Tungsten is considered as a plasma facing component in the divertor region of the International Thermonuclear Experiment Reactor (ITER). High flux, high fluence helium (He) exposure of tungsten surfaces induces severe morphology changes and nanostructure formation, which may eventually erode tungsten and risk the operation of the reactor. In this study, we investigate the response of ultrafine-grained tungsten under low flux (∼1020 ions m-2 s-1), low fluence, low energy (30-70 eV) He irradiation at different temperatures in order to study the early stage of nanostructure formation. Rod-shape nanostructures formed at low temperatures (600 °C) and a He fluence of 1 × 1023 m-2. High resolution, cross-section TEM images of irradiated grains demonstrated bubble formation not inside the nanostructures but deep inside the grains. At higher temperatures (900 °C) and the same fluence of 1 × 1023 m-2, large tungsten asperities (stone-shape and fiber-form structures), which are attributed to the burst and erosion of the surface grains. Moreover, low fluence (1020 m-2-1021 m-2) and high temperature (900 °C) irradiation demonstrated low density of non-coalesced bubbles inside the TEM samples. The results suggest that morphology changes can exist in He irradiated tungsten even with low bubble densities; thus, an additional factor such as surface stresses may dictate the observed nanostructure formation.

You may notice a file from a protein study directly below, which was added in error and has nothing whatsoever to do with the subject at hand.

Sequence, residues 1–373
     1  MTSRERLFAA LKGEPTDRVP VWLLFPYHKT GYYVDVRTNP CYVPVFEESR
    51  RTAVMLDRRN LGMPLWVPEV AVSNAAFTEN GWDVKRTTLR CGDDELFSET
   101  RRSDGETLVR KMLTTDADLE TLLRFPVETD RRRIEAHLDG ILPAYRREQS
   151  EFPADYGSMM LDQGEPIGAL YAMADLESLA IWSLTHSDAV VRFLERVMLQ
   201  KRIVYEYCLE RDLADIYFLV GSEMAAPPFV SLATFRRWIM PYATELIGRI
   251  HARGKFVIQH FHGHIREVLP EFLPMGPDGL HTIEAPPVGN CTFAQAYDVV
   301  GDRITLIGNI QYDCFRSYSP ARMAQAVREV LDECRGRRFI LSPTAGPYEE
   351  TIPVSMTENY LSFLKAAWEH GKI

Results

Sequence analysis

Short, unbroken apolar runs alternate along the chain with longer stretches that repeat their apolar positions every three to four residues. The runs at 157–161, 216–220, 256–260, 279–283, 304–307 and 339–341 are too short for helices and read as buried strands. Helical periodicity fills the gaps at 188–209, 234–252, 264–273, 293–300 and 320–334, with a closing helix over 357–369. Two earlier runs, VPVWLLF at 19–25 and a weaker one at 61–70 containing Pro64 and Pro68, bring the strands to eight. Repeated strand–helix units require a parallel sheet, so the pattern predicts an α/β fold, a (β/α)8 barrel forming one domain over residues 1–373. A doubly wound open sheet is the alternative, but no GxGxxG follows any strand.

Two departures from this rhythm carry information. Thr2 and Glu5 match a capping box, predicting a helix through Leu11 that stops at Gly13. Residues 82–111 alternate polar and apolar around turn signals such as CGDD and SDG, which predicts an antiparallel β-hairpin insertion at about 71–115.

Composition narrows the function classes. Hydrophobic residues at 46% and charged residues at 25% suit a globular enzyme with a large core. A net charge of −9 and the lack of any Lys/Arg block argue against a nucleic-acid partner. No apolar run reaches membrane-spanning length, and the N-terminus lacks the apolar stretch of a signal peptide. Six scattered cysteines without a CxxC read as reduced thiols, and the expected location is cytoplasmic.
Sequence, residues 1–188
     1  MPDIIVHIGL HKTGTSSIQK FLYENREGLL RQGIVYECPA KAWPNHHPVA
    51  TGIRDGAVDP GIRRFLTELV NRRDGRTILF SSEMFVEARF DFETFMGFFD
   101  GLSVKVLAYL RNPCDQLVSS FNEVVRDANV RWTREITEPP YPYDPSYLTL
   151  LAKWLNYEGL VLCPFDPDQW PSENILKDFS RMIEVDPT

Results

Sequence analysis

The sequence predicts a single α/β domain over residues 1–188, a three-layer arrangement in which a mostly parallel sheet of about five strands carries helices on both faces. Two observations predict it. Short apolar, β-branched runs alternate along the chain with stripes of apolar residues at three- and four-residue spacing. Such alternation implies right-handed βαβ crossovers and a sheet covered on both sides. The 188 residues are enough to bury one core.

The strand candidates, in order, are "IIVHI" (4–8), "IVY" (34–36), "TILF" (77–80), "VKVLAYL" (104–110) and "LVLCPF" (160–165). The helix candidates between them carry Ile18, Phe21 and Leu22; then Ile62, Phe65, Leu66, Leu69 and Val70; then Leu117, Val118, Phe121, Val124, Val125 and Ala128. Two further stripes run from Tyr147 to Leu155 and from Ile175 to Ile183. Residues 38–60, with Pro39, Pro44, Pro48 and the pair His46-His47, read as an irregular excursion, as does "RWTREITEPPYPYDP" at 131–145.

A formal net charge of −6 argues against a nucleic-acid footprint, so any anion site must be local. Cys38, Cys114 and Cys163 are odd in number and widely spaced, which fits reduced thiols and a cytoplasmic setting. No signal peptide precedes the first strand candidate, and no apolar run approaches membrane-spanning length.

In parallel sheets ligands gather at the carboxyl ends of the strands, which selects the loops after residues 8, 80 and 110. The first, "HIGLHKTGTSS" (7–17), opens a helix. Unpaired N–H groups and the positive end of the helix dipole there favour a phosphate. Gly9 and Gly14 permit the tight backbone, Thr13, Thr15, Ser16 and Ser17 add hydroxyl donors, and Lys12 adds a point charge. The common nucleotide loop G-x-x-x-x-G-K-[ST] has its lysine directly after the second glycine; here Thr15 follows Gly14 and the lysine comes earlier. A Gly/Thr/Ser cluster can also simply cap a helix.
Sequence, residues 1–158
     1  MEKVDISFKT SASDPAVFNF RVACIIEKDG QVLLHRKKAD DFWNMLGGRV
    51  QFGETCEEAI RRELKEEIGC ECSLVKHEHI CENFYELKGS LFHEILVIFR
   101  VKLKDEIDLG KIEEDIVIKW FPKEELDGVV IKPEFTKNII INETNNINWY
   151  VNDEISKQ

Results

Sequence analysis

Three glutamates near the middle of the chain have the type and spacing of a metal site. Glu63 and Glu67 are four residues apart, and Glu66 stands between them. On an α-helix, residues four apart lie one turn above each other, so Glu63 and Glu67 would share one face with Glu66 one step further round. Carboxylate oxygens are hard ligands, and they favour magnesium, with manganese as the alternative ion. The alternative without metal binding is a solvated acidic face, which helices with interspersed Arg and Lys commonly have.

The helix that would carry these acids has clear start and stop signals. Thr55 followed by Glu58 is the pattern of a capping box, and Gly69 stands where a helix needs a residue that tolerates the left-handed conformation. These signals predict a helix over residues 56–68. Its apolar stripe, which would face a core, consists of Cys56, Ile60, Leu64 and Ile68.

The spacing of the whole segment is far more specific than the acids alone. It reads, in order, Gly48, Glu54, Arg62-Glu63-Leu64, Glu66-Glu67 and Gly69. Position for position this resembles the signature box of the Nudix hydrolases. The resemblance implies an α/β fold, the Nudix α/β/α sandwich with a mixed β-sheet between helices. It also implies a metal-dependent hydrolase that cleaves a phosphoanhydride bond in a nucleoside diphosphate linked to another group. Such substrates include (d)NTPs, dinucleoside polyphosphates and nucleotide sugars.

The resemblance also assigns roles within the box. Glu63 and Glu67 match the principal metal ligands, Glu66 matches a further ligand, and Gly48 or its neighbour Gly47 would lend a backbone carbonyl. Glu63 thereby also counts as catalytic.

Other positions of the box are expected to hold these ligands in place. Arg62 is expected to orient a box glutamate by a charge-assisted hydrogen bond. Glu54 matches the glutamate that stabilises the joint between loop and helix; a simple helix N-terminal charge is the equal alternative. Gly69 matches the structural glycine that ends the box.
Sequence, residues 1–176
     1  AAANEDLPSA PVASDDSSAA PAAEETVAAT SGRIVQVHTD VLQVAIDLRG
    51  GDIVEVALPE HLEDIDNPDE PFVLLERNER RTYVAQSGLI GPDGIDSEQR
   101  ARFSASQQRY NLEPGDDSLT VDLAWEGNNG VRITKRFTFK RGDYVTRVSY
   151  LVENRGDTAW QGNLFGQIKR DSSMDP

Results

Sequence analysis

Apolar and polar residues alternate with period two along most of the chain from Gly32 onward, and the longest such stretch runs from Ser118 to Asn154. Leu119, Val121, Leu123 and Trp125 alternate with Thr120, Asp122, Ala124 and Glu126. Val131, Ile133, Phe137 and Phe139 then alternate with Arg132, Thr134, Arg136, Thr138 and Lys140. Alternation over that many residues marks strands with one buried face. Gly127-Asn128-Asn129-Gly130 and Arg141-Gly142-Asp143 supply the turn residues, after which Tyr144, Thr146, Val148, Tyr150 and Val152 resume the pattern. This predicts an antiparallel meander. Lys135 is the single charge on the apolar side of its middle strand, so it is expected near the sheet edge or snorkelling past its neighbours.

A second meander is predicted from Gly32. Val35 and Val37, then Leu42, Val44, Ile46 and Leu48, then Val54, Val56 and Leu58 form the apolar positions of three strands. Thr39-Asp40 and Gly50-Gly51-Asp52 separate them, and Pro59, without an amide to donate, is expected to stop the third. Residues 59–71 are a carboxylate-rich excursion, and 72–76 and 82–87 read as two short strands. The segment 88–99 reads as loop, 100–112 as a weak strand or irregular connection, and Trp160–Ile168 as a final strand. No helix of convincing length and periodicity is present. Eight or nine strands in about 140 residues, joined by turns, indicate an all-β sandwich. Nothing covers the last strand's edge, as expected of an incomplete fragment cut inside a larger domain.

- Bubble formation
ASJC Scopus subject areas
- Civil and Structural Engineering
- Nuclear Energy and Engineering
- Materials Science(all)
- Mechanical Engineering